The term “implantable medical device” is intended to include, but is not limited to, balloon-expandable stents, stent-grafts, and vascular grafts. In general, implantable medical devices, such as stents, can have virtually any structural pattern that is compatible with a bodily lumen in which it is implanted. Typically, a stent is composed of a pattern or network of circumferential and longitudinally extending interconnecting structural elements or struts. In general, the struts are arranged in patterns, which are designed to contact the lumen walls of a vessel and to maintain vascular patency. A myriad of strut patterns are known in the art for achieving particular design goals. A few of the more important design characteristics of stents are radial or hoop strength, expansion ratio or coverage area, and longitudinal flexibility.
Polymer tubes used for fabricating stents may be formed by various methods. These include, but are not limited to extrusion or injection molding. Conventionally extruded tubes tend to possess no or substantially no radial orientation or, equivalently, polymer chain alignment in the circumferential direction.
A tube used for fabricating a stent may be cylindrical or substantially cylindrical in shape. In some embodiments, the diameter of the polymer tube prior to fabrication of an implantable medical device may be between about 0.2 mm and about 5.0 mm, or more narrowly between about 1 mm and about 3 mm.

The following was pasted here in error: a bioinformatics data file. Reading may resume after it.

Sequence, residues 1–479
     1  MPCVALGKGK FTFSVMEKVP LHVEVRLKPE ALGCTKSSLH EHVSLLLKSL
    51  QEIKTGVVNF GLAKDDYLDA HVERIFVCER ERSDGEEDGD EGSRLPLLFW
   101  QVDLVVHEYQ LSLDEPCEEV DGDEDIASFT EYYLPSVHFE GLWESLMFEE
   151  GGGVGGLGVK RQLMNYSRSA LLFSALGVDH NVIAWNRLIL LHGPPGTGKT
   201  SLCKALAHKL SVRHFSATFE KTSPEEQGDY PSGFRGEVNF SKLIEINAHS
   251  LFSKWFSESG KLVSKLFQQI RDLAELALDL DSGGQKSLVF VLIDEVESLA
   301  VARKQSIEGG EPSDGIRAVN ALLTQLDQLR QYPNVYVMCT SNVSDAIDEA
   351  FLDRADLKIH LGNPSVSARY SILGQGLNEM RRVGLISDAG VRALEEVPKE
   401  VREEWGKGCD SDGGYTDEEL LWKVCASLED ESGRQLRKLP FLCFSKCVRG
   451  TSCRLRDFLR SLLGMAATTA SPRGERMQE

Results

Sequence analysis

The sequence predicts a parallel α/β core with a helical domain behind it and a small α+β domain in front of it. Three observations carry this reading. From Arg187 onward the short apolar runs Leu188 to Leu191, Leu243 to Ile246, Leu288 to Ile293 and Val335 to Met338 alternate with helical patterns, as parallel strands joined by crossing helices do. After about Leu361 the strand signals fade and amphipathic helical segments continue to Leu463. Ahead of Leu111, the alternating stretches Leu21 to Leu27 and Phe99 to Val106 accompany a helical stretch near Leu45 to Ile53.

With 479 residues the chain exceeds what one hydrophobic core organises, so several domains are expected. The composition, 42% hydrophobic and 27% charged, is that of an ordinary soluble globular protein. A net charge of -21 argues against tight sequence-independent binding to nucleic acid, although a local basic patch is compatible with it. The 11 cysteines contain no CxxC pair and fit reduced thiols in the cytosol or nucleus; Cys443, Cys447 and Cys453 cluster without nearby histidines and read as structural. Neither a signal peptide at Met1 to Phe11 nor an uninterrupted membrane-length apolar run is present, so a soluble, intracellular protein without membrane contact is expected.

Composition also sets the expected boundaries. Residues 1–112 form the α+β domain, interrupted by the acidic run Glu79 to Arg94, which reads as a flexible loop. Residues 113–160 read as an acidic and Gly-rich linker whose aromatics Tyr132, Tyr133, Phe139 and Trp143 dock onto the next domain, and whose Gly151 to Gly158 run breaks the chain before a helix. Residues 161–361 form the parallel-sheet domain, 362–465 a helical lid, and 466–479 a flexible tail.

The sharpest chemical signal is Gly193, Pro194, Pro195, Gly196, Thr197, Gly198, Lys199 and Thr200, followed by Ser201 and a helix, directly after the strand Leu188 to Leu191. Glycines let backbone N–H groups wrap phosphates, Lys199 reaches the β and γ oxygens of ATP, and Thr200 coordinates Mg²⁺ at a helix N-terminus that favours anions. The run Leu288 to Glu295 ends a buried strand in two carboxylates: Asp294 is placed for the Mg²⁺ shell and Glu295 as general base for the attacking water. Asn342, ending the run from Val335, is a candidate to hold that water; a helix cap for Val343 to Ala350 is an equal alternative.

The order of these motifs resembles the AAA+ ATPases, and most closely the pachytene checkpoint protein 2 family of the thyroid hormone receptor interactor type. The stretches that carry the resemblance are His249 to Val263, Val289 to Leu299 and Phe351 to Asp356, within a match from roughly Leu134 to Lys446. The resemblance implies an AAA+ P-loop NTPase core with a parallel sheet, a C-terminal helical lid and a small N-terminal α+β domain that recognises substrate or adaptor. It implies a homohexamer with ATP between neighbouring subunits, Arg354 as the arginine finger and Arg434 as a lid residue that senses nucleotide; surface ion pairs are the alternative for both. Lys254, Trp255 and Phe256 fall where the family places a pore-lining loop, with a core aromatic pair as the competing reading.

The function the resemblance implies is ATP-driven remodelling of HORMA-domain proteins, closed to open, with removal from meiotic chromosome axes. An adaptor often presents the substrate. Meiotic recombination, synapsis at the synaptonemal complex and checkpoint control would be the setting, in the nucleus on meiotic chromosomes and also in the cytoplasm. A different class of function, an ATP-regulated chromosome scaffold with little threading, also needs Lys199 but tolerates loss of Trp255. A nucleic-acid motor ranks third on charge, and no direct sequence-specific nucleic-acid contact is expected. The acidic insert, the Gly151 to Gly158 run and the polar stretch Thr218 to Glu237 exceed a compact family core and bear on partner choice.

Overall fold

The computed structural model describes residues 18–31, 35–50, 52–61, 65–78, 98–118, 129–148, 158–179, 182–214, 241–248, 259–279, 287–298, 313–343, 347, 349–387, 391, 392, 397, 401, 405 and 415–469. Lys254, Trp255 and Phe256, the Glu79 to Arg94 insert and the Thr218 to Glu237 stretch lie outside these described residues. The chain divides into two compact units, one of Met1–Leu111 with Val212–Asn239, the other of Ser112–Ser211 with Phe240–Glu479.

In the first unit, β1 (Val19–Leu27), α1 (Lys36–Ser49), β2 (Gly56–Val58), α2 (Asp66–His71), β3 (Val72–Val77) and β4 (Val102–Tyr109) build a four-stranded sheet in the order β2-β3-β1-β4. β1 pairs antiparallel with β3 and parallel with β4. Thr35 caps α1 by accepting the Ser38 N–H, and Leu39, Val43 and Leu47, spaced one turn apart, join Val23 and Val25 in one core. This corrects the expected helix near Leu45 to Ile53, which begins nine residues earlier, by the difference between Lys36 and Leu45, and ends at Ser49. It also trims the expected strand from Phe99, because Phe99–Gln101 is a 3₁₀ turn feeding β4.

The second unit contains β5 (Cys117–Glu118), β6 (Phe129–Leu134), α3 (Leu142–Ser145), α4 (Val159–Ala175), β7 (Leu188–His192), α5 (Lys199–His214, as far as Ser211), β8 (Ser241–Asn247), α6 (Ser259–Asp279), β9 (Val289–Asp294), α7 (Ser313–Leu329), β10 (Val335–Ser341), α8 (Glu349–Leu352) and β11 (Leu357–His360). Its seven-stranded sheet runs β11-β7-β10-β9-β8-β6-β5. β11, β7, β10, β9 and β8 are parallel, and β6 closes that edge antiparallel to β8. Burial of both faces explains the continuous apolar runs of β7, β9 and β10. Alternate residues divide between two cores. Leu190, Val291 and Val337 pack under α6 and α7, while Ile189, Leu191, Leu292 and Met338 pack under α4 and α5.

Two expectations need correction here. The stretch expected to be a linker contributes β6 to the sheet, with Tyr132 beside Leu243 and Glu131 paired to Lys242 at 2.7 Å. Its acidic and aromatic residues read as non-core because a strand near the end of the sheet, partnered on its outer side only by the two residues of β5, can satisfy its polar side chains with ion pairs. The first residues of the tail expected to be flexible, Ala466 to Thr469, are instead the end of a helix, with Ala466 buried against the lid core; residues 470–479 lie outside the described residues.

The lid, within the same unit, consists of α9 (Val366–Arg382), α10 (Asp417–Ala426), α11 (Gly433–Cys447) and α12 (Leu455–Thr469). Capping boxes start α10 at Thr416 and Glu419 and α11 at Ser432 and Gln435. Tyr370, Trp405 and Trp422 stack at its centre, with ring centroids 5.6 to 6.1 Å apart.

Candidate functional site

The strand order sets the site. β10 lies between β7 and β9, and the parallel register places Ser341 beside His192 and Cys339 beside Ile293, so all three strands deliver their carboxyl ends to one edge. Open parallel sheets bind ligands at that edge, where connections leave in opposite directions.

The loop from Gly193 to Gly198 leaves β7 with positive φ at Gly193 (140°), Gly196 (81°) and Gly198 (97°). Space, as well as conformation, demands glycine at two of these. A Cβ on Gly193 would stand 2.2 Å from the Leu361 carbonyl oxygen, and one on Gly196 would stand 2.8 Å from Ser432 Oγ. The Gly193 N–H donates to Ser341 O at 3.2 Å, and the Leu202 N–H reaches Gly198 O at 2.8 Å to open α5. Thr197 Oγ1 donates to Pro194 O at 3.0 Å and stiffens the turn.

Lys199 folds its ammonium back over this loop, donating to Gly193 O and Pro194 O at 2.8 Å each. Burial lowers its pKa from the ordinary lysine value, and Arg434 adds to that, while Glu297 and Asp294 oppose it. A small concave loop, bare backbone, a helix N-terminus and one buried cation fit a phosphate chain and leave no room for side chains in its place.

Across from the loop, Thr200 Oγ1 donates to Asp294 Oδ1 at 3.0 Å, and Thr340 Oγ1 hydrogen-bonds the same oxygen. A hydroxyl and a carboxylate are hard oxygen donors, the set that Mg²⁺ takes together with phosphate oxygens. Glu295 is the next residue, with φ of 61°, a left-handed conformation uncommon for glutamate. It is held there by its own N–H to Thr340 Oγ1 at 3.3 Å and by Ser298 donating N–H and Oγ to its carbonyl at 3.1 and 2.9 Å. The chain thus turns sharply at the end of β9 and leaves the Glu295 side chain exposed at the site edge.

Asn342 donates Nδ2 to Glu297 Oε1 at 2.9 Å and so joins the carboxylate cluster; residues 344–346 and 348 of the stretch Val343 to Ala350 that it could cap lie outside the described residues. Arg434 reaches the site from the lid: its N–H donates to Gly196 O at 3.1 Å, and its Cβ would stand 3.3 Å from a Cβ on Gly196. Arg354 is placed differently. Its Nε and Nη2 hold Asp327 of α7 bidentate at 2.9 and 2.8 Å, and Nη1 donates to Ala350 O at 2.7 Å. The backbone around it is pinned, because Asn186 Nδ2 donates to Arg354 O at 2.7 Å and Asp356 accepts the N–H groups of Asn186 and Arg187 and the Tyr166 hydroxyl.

In general, the scaffolding of conventional stents is designed so that the stent can be radially contracted (to allow crimping) and radially expanded (to allow deployment). A conventional stent is allowed to expand and contract through movement of individual structural elements of a pattern with respect to each other.
A stent may have a pattern that includes a number of interconnecting elements. Variations of the structure of such patterns are virtually unlimited.
In some embodiments, a pattern of a stent such as that pictured in
As indicated above, crimping and expansion of a stent with a typical pattern, such as in
Various embodiments of a method described herein of treating a bodily lumen with a polymeric implantable medical device have several advantages. The embodiments allow treatment with a polymeric device having adequate flexibility during delivery, high radial strength and rigidity (high modulus) after deployment, high creep resistance after deployment. The devices may also be free or relatively free of localized regions of high deformation that are susceptible to failure. Furthermore, the deployed device may have a Tg higher than the body temperature which helps maintain the strength and rigidity of the device. Conversely, during delivery the device may be configured to have a Tg below body temperature which may allow the device to remain flexible.